MENU

MPP alumni share insights about research impacts

The School of Public Policy recently asked alumni to share their stories about the impact of their Capstone and other project work related to their MPP coursework. The project aims to shed light on the impact of research and work SFU MPP students and alumni have on the broader community and how it has influenced their career.

Linda Mussell, MPP 2016

Please describe the impact of your Capstone research on your career path. 

My Capstone research was on supporting children with imprisoned parents in British Columbia. I have continued using policy analysis to critically research the contours of criminalization and carceral policy, and the adverse impacts of such policy on individuals, families, and communities. In 2016, I started my PhD in Political Studies at Queen's University, where my research and potential has been recognised by the Social Sciences and Humanities Research Council (2017-2020) and the Pierre Elliot Trudeau Foundation (2019-2022) in the form of major scholarships. While working on my Capstone I deepened my commitment to community work around criminalization and confinement in Metro Vancouver. I have continued that commitment in Kingston and contributed to multiple groups, including one directly related to my Capstone - The Canadian Coalition for Children with Incarcerated Parents. Going forward I will continue doing work dedicated to prison/penal abolition and supporting criminalized/imprisoned people and their families and communities.

Have organizations or government bodies recognized or utilized your Capstone research in addressing a policy issue?

I have referred contacts from organisations and government to my Capstone.

What was the impact of other MPP research or project work you were involved in, such as the BC Priorities Projects, papers for courses, or research done as part of your Co-op.?

I learned how to apply intersectionality-based policy analysis through coursework and research assistant work with my supervisor in the MPP program, Dr. Olena Hankivksy. I have taken that learning forward in my research, community work, and teaching at Queen's University. Both my BC Priorities Project (Legal Aid BC) and Co-op (Ministry of Justice) centered on topics of law and justice, and furthered my interest in those areas.

Halena Seiferling, MPP 2016

Please describe the impact of your Capstone research on your career path.

Following graduating in 2016, from February 2017 - April 2020 I worked as a Researcher on a project that in many ways built on my capstone project. The Canadian Research Institute for the Advancement of Women (CRIAW) and Women Transforming Cities partnered on a 3-year project, funded by Women and Gender Equality Canada (WAGE), investigating barriers for women in civic engagement, focusing on Vancouver and Surrey as case study cities. My capstone focused on women running for office at the local level, and this project broadened that to also study advisory committees, staff, and public engagement in addition to political candidates. My knowledge and ability to do this work was significantly improved by having done my capstone project on this topic.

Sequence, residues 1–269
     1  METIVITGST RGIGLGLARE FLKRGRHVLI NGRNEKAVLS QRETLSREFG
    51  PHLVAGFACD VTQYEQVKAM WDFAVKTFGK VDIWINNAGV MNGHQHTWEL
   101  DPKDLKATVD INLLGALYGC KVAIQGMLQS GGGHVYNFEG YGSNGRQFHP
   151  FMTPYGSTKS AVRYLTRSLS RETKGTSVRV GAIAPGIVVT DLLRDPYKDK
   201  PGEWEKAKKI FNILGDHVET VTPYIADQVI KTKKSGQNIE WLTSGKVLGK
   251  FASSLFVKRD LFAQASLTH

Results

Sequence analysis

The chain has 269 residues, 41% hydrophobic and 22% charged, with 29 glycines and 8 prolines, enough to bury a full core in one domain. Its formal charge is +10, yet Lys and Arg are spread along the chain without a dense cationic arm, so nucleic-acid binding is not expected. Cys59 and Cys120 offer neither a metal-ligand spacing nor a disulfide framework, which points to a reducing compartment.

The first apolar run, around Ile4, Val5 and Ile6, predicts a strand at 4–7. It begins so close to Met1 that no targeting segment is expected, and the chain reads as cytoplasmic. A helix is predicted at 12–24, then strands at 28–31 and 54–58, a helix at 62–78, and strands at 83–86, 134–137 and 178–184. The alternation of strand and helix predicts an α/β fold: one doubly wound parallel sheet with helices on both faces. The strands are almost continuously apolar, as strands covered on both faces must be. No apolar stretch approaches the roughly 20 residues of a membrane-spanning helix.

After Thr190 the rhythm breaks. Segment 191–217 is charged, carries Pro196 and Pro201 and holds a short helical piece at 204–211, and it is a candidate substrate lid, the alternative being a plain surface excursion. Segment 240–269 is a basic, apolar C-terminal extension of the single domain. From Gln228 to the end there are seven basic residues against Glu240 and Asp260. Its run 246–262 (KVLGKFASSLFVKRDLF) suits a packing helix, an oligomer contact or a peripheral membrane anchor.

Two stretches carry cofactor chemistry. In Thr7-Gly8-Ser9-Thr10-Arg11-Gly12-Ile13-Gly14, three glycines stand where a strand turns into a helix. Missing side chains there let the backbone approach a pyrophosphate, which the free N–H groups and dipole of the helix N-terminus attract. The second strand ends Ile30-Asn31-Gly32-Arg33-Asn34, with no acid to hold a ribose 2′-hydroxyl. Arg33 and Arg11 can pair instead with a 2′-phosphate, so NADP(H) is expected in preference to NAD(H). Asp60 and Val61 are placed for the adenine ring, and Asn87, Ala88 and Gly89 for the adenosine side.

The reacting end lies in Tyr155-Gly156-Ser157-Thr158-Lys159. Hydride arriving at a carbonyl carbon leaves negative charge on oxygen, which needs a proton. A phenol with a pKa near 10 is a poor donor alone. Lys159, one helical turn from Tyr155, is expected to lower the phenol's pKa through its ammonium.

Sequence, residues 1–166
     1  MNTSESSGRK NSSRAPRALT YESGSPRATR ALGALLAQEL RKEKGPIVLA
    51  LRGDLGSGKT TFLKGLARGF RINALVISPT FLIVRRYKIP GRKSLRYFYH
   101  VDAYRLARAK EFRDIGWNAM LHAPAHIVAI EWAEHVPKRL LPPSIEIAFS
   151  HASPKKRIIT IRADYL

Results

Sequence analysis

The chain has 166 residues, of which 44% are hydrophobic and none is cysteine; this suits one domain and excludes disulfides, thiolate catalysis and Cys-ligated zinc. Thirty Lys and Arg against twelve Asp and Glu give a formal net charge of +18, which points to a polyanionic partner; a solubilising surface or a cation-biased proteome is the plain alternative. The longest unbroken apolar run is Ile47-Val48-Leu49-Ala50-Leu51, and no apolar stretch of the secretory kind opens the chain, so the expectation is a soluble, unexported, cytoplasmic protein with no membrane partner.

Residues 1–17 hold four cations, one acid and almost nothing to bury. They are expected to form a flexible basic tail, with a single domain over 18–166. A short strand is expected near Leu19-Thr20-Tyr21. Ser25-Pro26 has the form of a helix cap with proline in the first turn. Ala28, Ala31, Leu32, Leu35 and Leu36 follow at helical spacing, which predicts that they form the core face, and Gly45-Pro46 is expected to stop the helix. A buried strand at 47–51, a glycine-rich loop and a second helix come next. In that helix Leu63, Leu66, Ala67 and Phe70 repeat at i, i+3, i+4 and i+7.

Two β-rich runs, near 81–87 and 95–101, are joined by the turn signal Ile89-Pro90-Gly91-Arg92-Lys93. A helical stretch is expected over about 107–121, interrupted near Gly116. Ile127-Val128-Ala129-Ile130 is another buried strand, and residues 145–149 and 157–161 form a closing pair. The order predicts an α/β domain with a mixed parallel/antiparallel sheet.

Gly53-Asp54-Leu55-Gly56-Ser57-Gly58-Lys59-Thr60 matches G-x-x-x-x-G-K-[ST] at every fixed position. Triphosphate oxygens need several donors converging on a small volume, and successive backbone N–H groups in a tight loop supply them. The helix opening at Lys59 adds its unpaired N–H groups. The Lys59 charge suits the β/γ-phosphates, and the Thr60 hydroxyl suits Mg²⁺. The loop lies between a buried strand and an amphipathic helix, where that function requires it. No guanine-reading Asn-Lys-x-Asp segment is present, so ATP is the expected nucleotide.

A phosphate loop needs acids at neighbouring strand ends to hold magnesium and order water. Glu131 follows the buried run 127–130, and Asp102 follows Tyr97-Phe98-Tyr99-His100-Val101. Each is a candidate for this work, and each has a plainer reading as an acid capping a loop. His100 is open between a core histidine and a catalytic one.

Have organizations or government bodies recognized or utilized your Capstone research in addressing a policy issue? Please provide details. 

My capstone project is cited in the CRIAW/WTC project as a foundational document. Therefore in addition to CRIAW and WTC recognizing my work, the federal government will as well when WAGE receives our full report later this month.

Colin Bowbrick, Levana Huang, Izzah Khan and Yousif Samarri, MPP 2020

Please describe the impact of your Capstone research on your career path.

Our BC Priorities (BCP) team project was on the nightlife economy in Vancouver. It allowed us to gain valuable research in interviewing key members of the Vancouver community and various stakeholders representing many aspects of nightlife in Vancouver. They included bartenders, police officers, sex worker advocates and City of Vancouver staff. We also had the opportunity to engage with other jurisdictions like the City of Sydney in Australia to conduct cross-jurisdictional research. Our BCP put into work valuable research and communication skills that we gained from our master's degree that we were able to take into our co-ops and our capstone projects.

Have organizations or government bodies recognized or utilized your research in addressing a policy issue? Please provide details.

The City of Vancouver utilized our study to share with the Vancouver Economic Commission to develop recommendations for a comprehensive city-wide strategy on nightlife in Vancouver. Our project was featured in the Vancouver Sun. The City of Vancouver learned about key insights and broad themes related to the nightlife economy in Vancouver and had hard facts and sound data to back up their recommendations to city Councillors. We hope further research is taken that can build upon our research so Vancouver can capitalize on and approve the nightlife economy.